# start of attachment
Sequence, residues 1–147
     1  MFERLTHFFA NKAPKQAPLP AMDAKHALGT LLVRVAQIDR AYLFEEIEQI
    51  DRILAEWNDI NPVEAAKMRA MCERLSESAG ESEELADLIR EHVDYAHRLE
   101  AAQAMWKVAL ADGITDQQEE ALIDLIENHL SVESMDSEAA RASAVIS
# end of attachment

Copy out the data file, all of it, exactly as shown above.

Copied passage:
Sequence, residues 1–147
     1  MFERLTHFFA NKAPKQAPLP AMDAKHALGT LLVRVAQIDR AYLFEEIEQI
    51  DRILAEWNDI NPVEAAKMRA MCERLSESAG ESEELADLIR EHVDYAHRLE
   101  AAQAMWKVAL ADGITDQQEE ALIDLIENHL SVESMDSEAA RASAVIS